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Τ Η Ε

Muse in a Moral Humour.

AVARO and A MAND A.

A TAL E.

By Mr. STEPHEN Duck.

EXHAT Ills from Want of Education W

flow, Y From Avarice what cruel Scenes of

Woe, I mean to sing ; except the tuneful Maid Neglects my Numbers, and refuse her Aid. Say, Goddess, first, what made the Youth

explore A foreign Clime, and quit his native Shore? Say too, how on the barb'rous Isle he came; What mov'd the Kindness of the Negro Dame?

B

What

What cou'd provoke a faithless Youth to sell
A Friend, whose ,only Crime was lovingas

well ?
Now had Avaro twenty Winters pass’d,
His blooming Features ev'ry Beauty grac'd;
In filver Rings, his loosely flowing Hair
Hung o'er his Shoulders with a comely Air;
Robust his Limbs, and daring was his Soul,
And Vigour crown'd the well-proportion’d

Whole : His graceful Charms the Ladies oft survey'd, And oft their Eyes an am'rous Signal made; But never cou'd the tender Passion move, The stubborn Youth was still averse to Love; Yet, tho' his Breast was Proof to Cupid's Dart, A more ignoble God enslav'd his Heart.

No Mysteries of Faith disturbid his Head For Mysteries of Faith he seldom read; That moral Law, which Nature had impreft, He blotted from the Volume of his Breast; Yet in his Mind his Father's Precepts bears, Who often rung this Lesson in his Ears : “ Wou'd you, my Son, to Happiness-aspire, " Know, Gold alone can Happiness acquire ; " He that has Gold, is pow'rful as a King, " Has Valour, Virtue, Wisdom, ev'ry Thing! This to obtain, your utmost Skill bestow; “ And if you gain it, be not careful how: 66 If in the Court, or Camp, you take Delight,

Then dare to flatter there, or here to fight;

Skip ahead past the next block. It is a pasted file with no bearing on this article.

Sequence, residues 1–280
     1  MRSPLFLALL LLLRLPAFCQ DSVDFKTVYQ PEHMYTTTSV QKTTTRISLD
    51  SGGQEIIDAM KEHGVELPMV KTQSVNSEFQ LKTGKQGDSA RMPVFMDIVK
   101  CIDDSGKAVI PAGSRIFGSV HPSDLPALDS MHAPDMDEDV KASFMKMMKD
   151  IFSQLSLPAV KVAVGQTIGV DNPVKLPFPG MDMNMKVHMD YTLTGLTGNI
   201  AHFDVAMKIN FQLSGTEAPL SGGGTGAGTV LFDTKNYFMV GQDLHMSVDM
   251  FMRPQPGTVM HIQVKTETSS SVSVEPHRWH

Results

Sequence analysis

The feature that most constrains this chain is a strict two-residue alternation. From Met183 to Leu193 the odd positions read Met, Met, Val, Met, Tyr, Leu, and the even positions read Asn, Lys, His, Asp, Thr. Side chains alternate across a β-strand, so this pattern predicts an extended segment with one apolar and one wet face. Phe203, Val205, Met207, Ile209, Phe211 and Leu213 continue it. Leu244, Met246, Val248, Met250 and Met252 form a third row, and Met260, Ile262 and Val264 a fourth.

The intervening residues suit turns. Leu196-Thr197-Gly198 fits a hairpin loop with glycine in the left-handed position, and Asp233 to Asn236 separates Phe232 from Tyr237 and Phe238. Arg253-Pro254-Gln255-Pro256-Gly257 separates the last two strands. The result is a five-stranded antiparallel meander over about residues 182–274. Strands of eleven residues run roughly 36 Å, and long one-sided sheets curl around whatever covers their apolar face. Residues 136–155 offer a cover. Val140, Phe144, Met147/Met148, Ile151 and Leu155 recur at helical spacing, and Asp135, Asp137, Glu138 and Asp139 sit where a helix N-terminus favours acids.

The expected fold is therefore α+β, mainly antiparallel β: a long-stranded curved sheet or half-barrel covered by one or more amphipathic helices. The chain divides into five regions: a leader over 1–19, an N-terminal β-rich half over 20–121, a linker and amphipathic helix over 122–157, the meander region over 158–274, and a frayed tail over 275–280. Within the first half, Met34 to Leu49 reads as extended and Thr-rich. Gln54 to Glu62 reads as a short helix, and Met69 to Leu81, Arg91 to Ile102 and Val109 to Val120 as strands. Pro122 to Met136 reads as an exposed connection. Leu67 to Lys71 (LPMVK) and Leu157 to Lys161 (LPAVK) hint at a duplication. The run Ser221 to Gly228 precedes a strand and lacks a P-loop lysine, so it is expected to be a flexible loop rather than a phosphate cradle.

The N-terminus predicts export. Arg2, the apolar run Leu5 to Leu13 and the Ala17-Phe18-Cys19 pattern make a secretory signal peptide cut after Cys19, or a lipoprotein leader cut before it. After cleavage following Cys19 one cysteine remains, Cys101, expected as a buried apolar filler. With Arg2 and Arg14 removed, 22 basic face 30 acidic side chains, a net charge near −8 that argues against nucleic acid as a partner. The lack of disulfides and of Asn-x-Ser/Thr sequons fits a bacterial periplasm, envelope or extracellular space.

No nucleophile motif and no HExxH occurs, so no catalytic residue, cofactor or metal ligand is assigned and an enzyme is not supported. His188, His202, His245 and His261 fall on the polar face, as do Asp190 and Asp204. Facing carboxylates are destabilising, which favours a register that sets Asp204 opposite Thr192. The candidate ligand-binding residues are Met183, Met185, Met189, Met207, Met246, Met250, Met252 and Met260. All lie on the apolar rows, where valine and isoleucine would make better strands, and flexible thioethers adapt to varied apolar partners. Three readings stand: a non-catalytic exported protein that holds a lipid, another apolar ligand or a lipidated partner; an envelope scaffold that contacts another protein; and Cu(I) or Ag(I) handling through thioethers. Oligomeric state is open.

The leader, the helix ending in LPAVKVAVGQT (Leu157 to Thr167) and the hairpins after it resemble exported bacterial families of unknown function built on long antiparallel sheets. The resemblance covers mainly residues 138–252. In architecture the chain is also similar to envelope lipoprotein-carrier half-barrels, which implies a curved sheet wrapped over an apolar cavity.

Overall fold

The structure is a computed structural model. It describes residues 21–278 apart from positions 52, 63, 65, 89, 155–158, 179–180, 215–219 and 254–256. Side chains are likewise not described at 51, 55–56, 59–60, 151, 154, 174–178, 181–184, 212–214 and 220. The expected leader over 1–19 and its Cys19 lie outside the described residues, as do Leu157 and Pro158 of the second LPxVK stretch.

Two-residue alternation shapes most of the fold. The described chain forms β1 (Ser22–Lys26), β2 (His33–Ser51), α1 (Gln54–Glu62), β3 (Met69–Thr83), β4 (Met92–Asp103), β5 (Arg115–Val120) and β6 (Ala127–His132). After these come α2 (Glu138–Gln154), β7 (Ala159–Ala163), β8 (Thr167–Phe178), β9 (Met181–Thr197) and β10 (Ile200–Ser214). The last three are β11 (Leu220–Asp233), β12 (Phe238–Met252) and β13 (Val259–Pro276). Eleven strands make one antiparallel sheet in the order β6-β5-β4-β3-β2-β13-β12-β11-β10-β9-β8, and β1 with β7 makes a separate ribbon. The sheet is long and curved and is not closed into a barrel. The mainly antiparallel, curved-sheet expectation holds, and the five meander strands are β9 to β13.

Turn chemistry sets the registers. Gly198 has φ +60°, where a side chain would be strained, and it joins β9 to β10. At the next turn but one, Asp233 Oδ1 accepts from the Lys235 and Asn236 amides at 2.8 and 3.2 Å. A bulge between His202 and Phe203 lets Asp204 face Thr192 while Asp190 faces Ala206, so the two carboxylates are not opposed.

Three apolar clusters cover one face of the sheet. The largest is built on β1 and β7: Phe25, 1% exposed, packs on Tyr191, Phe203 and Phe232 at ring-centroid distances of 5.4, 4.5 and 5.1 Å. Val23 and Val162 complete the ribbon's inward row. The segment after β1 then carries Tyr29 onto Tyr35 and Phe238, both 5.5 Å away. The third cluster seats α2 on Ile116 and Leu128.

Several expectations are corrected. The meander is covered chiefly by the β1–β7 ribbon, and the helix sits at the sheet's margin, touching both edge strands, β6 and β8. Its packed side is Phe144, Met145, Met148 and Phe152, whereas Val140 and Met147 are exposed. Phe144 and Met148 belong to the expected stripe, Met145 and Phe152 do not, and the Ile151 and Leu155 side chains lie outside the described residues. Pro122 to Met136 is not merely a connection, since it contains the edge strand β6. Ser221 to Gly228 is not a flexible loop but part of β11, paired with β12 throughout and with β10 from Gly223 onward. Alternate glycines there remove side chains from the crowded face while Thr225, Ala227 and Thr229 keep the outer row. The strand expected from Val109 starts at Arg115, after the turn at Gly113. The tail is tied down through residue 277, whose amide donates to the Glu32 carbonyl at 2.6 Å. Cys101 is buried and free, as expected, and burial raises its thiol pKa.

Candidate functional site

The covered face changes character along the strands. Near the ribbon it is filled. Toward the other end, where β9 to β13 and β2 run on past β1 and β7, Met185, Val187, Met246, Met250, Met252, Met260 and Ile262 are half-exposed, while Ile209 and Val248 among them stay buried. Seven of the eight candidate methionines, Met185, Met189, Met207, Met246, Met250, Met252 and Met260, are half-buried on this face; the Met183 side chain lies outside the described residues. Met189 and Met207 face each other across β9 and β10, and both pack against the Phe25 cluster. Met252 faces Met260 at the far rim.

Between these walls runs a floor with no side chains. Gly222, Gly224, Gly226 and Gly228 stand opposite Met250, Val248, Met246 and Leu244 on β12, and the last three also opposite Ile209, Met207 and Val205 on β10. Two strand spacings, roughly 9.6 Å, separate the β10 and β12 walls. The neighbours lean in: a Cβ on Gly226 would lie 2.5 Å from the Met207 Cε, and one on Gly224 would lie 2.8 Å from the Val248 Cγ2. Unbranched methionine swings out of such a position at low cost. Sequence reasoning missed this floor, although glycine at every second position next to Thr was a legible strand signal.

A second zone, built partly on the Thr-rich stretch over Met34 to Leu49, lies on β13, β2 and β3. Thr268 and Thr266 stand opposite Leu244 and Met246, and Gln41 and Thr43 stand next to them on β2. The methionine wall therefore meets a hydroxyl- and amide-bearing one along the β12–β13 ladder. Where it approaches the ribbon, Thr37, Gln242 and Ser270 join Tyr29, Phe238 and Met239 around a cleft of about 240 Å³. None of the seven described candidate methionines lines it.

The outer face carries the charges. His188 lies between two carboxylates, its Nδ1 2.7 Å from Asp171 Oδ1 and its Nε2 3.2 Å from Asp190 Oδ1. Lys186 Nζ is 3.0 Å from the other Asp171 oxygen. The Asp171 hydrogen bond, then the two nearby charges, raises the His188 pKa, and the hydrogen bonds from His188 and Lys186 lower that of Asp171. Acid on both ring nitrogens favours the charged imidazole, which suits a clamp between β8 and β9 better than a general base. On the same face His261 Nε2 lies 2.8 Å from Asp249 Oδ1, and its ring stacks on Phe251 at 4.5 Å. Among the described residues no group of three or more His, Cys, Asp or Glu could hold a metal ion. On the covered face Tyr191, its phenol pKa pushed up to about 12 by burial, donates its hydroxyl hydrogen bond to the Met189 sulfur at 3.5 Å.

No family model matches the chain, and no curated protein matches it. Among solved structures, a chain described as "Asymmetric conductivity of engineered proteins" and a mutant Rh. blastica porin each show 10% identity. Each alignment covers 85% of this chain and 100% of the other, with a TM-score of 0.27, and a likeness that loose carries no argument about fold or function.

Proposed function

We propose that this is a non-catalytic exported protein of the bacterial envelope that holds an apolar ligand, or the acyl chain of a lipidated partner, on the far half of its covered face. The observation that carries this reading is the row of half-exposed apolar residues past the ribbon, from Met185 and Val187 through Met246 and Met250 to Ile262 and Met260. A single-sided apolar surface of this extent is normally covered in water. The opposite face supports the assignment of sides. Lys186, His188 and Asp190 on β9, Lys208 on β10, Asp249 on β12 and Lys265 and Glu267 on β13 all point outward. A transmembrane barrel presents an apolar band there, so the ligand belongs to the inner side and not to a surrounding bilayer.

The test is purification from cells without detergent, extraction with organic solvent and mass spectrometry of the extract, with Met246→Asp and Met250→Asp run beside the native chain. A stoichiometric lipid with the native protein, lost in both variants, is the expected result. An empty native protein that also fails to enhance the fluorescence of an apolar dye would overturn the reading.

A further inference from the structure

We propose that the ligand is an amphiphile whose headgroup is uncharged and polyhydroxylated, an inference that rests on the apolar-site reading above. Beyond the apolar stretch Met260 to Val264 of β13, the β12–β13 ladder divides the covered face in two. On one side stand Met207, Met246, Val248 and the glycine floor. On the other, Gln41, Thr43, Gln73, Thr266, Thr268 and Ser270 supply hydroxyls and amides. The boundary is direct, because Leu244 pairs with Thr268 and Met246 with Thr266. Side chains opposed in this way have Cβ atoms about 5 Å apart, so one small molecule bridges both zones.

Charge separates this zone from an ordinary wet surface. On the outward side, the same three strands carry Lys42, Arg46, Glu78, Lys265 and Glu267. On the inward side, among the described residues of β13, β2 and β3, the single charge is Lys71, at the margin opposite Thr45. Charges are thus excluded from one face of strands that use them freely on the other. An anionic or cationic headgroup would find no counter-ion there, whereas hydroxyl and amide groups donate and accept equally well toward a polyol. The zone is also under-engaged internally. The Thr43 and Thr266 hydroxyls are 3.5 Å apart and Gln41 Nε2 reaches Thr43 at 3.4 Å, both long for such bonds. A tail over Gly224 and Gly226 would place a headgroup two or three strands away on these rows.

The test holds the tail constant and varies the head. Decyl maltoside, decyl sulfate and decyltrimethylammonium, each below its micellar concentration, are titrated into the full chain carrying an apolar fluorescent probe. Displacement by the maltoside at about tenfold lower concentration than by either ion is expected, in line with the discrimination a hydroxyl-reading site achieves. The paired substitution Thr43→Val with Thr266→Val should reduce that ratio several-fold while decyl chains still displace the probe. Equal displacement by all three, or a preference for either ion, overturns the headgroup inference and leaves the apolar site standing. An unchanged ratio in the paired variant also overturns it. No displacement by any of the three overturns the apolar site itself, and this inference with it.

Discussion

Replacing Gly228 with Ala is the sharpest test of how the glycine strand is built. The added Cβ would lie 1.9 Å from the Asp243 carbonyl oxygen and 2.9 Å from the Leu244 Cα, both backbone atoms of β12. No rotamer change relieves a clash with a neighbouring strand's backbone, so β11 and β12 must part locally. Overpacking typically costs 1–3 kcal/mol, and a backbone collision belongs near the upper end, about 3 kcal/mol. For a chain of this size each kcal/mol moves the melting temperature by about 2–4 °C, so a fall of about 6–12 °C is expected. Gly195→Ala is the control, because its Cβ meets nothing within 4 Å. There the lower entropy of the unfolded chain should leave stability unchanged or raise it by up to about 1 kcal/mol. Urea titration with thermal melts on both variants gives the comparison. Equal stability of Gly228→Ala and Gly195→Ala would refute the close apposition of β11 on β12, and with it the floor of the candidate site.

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6 Or, thou'd the Merchant's Life your Fancy

66 please, “ Be bold, and bravely venture on the Seas ; “ Many by Merchandize have gain'd Re

nown, 6o And made the Indies Wealth become their

6 own.” The Youth imbib'd the Precepts of his Tongue, Neglecting ev'ry Law of Right and Wrong; Taught by his Sire to court destructive Gain, He burns to try his Fortune on the Main. While other Youths, by Wit or Pleasure

sway'd, Frequent the Play, the Ball or Masquerade ; , Avaro, studious, in his Chamber stays, Careless of Balls, of Masquerades, and Plays ; There adds, substracts, and, with unweary'd

Pain, Learns all the Rules of Int'rest, Loss, and

Gain. Next, from an old Astronomer, he tries To learn the Planets Journey thro' the Skies; With him, at Night, when Heav'n serene

appears, He points the Quadrant at the shining Spheres ; The Hyades, and frozen Pole surveys, Which guide the Sailor o'er the distant Seas; Then Maps and Models of our Globe pre

pares, And carefully inspects both Hemispheres ;

B 2

From

From East to Weft he views the spacious

Round, Pleas'd with the modern World Columbus found: In Hope elate, the Youth impatient stands, And seems to grasp both Indies in his Hands. This sees the Sire, and hastily provides A Vessel, proof against the Winds and Tides. The Youth embarks, the soft propitious Gales! Arise, and soon expand the swelling Sails; The Ship glides swiftly o'er the liquid Plain, And Neptune smiles, and courts him on the

Main. But see, how Mortals are the Sport of Fate ! How oft unhappy, striving to be great! Ere Cynthia twice her monthly Race had run, An Omen of the fatal Storm begun : The murm'ring Wind arises by Degrees, And rocks the Ship, and sweeps the curling

Seas ;

Now louder, with impetuous Force it roars, And shoves the swelling Surges to the Shores; Till rapid Rain, and Flakes of bick'ring

Flame, With dreadful Thunder vex th' etherial Frame. Struck with Surprize, the tim'rous Merchant

ftands, Nor knows what he forbids, or what com

mands: Nor safely back, nor can he forwards go; But trembling waits, and fears the fatal Blow.

Long

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